The Health District’s Maternal and Child Health (MCH) Child Care Health Outreach Program (CCHOP) has a long history of spearheading efforts to protect children at the population level by focusing on working with childcare providers. There are many environmental health risks to children which are exacerbated by communicable disease exposures such as COVID-19. CCHOP is an innovative program that works to keep children safe and healthy through upstream promotion of healthy early childhood development through collaborative population-based interventions that support and educate the childcare community.
The Children’s Healthy Learning Environments in Low-Income and/or Minority Communities solicitation (RFA) provides funds for capacity building activities to address disproportionate children’s environmental health harms and risks in school and/or childcare settings in, or that primarily serve, low-income and/or minority communities. This RFA provides funding directly to organizations to support school- and/or childcare center-based capacity building projects that help school communities understand and address local environmental and public health issues that affect children.
If funded, the Health District CCHOP staff will educate the childcare community on simple low- or no-cost methods that can be implemented by childcare facilities and have a positive effect on environmental health factors affecting children. In 20+ years of childcare health consultation by the Health District, these simple practices are rarely observed being put into practice, likely because childcare providers are unaware and uneducated. Some examples are:
- Flushing the cold water tap before obtaining drinking water and not cooking with water from the hot tap reduces lead exposure.
- Removing shoes before entering childcare spaces reduces the toxic substances in the carpeting and on the floors where the youngest children play.
- Improving ventilation in indoor areas by opening windows in a manner that promotes air flow, properly managing and maintaining HVAC systems, correct placement of air filtration devices, etc. Sharing information on ventilation through an online class which provides childcares with required continuing education credits can be an effective way to help prevent the spread of COVID-19 and improve indoor air environments in childcare settings.
- Chemicals are often misused and overused, especially during the pandemic. Childcare providers are unaware of the dangers some of these chemical pose to young children. Childcare providers do not have a lot of knowledge of indoor air quality and ventilation and do not have the same resources and maintenance staff that schools do. Sharing resources and information through an online training on proper methods of cleaning, sanitizing, and disinfecting in childcare environments during and beyond the pandemic could reduce toxic exposures to young children.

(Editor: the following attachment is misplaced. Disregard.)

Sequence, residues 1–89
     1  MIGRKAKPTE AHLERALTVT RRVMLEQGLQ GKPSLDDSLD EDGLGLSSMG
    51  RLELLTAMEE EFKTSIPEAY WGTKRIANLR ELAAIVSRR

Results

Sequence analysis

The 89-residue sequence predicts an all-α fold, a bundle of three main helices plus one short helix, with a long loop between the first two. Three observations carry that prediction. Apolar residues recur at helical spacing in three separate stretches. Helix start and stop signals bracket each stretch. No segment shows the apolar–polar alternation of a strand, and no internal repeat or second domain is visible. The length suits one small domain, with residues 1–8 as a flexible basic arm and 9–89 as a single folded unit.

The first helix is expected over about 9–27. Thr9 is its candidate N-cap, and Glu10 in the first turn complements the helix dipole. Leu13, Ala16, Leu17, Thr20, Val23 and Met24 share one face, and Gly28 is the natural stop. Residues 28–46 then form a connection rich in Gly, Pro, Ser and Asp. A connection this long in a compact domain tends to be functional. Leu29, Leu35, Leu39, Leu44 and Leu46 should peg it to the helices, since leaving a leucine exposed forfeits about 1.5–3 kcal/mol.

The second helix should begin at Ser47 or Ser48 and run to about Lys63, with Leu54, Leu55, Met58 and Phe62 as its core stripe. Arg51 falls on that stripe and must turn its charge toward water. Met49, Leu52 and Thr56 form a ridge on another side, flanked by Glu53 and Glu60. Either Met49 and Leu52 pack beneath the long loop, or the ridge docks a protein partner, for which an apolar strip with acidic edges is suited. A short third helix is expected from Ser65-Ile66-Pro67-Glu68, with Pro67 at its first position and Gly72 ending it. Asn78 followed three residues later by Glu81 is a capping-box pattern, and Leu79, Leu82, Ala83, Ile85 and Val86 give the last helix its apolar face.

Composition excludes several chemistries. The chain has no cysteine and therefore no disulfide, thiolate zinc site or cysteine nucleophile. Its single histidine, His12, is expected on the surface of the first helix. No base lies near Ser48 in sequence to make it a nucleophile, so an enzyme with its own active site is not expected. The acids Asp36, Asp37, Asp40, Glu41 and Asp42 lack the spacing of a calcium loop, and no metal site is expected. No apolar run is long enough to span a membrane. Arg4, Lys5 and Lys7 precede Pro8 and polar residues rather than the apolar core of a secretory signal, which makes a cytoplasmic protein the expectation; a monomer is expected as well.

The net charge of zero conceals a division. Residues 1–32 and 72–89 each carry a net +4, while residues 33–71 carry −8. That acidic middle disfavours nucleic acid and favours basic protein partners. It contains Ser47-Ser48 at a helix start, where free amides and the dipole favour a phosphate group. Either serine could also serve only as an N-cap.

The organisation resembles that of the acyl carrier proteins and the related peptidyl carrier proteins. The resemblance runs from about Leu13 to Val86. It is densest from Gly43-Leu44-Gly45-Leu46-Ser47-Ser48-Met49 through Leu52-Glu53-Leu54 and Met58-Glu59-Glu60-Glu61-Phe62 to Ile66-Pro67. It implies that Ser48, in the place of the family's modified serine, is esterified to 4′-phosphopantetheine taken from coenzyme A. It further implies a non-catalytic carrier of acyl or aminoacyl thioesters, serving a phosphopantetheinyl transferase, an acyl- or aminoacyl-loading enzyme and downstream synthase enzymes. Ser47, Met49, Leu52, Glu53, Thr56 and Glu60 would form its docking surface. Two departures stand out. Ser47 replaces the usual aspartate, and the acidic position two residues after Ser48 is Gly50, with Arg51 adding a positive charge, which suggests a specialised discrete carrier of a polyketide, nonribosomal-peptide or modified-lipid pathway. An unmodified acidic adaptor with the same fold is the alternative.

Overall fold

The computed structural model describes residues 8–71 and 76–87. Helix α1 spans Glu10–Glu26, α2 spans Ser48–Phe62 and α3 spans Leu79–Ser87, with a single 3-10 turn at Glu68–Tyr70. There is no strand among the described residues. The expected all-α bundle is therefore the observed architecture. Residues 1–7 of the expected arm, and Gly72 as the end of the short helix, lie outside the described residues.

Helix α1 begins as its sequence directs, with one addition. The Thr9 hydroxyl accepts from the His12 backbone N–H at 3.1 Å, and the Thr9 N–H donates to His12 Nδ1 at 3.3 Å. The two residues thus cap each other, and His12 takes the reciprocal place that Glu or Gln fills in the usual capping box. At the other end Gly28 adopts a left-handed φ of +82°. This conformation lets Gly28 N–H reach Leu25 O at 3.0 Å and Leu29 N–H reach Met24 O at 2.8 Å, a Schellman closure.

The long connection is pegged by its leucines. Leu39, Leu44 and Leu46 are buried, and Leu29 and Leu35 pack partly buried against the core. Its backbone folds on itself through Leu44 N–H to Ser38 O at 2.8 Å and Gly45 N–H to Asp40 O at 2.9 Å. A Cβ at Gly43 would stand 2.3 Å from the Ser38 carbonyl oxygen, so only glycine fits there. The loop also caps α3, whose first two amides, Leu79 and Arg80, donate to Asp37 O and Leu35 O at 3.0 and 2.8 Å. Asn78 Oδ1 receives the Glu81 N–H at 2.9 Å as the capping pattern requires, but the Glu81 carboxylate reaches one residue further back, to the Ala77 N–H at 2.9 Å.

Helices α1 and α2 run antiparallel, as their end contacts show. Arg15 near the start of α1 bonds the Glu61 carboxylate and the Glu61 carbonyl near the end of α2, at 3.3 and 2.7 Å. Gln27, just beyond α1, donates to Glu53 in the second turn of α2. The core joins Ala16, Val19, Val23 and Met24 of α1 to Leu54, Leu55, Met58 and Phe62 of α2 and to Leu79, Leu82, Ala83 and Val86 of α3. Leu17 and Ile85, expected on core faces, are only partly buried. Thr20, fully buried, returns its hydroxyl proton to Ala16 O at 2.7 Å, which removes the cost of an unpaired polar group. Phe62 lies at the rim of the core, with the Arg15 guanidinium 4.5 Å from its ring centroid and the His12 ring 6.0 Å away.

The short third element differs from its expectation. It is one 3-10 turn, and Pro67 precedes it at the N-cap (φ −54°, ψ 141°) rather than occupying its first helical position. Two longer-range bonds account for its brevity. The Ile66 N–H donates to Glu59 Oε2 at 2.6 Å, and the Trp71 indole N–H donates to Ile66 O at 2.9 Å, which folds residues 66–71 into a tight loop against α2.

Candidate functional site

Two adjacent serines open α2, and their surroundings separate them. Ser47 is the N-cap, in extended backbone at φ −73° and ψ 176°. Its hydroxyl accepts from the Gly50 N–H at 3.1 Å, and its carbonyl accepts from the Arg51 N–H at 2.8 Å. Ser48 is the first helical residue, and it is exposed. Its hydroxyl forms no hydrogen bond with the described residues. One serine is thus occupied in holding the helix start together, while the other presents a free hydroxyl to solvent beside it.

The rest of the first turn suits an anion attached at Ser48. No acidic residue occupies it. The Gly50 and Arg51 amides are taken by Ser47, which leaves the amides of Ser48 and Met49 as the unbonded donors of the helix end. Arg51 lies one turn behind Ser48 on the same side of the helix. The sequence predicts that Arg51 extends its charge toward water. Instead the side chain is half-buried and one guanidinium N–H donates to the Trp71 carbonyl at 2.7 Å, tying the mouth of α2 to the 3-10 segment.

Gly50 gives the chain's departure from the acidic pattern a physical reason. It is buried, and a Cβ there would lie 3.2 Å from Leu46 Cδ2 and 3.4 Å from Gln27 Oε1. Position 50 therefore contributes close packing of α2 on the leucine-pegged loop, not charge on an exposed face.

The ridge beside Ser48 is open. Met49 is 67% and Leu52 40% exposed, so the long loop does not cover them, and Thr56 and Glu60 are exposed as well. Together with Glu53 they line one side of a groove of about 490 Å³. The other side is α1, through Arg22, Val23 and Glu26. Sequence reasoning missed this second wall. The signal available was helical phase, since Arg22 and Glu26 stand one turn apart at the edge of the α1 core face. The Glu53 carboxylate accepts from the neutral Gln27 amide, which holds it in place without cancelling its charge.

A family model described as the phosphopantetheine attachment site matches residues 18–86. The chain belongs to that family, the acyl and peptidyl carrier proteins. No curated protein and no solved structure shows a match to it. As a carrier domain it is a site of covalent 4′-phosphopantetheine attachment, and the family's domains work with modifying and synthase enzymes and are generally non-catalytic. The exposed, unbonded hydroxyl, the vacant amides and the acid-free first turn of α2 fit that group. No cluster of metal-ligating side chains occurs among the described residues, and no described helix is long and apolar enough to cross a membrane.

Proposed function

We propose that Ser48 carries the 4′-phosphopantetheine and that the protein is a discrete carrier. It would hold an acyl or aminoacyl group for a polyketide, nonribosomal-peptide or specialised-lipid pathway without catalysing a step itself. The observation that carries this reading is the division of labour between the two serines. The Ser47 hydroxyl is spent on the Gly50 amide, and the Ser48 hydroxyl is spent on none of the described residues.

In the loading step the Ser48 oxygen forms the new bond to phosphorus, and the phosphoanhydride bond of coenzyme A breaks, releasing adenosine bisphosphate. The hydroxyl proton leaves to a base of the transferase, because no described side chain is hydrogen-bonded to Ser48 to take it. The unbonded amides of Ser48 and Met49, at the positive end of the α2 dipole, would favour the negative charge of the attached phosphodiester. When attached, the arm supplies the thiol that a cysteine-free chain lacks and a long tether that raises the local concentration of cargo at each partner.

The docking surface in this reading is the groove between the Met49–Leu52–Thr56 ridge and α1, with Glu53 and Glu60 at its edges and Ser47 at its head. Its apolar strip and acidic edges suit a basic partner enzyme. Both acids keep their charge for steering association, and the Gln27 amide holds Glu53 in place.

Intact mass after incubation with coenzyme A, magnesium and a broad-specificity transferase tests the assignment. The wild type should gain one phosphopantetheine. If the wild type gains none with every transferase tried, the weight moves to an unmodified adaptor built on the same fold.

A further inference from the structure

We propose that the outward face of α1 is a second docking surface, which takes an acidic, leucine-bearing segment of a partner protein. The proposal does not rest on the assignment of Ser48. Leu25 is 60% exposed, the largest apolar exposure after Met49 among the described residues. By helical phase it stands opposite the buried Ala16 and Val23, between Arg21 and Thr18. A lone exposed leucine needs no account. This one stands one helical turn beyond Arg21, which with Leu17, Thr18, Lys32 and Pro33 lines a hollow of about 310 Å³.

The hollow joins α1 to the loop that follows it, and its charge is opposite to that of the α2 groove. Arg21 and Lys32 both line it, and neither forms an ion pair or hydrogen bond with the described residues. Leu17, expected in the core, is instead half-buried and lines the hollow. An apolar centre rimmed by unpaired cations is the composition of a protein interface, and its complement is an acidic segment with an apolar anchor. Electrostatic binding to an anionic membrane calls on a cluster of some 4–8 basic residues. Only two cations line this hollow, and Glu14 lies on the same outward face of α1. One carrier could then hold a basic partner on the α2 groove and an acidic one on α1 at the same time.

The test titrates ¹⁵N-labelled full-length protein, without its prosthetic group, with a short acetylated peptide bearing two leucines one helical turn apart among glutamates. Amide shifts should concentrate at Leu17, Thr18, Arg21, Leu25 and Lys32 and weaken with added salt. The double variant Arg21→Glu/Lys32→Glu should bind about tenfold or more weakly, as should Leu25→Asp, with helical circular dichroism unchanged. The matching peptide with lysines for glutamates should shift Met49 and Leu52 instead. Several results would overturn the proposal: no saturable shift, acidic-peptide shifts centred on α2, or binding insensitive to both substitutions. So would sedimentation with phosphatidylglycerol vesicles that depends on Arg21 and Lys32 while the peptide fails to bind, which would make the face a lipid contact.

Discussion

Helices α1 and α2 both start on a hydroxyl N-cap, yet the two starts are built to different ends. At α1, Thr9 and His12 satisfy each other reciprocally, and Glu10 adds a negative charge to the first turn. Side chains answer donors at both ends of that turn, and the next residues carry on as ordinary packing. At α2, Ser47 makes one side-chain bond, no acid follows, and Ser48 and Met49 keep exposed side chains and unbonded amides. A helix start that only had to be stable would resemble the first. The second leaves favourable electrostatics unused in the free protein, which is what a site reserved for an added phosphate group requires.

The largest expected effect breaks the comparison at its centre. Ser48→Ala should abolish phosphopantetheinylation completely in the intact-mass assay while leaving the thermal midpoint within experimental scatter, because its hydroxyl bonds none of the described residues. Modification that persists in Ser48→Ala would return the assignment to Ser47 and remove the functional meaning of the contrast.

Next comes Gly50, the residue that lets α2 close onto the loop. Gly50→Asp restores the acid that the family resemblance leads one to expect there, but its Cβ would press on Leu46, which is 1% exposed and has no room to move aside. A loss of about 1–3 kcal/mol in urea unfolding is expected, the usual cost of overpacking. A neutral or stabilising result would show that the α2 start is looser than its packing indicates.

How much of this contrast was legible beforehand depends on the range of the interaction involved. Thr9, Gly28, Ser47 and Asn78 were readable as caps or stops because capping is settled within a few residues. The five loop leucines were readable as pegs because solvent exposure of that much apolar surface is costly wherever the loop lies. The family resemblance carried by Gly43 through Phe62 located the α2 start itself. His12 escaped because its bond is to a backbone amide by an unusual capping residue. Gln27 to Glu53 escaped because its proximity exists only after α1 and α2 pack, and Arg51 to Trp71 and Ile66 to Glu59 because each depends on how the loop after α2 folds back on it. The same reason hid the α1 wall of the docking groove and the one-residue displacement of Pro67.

In Washington State, childcare providers must take 10 hours of continuing education, commonly known as STARS credits, each year. The Health District CCHOP staff are certified trainers and can offer continuing education units (CEUs) to childcare providers through our existing Learning Management System that has amassed an audience of 4,406 learners. Some of the existing Health District CCHOP courses are already available online and others can easily be put together using the vast number of resources from the EPA, CDC, and other public agencies. The MCH CCHOP team would propose using existing Environmental Health courses and creating new courses with content from EPA, CDC, and other reputable agencies. These courses will target childcare providers as a way for them to fulfill the required 10 hours of continuing education per year. In order to meet the requirements for equity, we can ensure free access to our target audience, while allowing others to continue to access the materials. For example, a fee is normally charged for these trainings, but by providing free access codes to childcare providers in low-income areas and those serving low income and minority families, we will ensure there is equitable access.
The award ceiling is $200,000 covering a project period of March 1, 2022, to February 28, 2024. There are no matching requirements but it does require an indirect cost agreement, without which 10% will be automatically applied; however, the Health District finance department will propose the indirect rate to submit with the application. The MCH supervisor has also emailed EPA for further clarification but has not yet heard back. The funds will be used to cover general fund FTE expenses within MCH programs and existing activities. We therefore do not anticipate that there will be any additional staffing required.